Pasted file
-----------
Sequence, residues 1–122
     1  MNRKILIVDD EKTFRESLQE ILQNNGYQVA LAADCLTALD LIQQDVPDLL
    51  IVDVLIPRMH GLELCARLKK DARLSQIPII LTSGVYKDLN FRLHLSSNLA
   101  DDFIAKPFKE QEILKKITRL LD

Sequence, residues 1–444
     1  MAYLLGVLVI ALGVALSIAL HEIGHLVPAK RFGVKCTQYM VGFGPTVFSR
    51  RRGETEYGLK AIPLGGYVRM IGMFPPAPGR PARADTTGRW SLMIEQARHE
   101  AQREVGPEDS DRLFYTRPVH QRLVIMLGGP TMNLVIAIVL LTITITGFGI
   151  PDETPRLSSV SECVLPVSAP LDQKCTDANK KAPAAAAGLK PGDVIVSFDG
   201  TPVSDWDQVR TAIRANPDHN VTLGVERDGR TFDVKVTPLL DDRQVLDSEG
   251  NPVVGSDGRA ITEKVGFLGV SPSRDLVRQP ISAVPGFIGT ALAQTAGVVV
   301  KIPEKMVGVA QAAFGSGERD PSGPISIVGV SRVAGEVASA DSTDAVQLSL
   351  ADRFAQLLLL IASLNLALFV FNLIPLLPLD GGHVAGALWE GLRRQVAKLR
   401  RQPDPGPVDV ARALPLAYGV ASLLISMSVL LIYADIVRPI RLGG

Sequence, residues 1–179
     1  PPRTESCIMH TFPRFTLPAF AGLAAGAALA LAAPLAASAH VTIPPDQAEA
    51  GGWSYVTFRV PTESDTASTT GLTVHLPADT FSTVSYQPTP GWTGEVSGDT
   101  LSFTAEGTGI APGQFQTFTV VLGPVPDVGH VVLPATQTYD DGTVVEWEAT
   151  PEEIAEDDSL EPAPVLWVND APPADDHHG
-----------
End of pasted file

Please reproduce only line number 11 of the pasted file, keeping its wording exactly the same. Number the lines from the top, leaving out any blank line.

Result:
   251  NPVVGSDGRA ITEKVGFLGV SPSRDLVRQP ISAVPGFIGT ALAQTAGVVV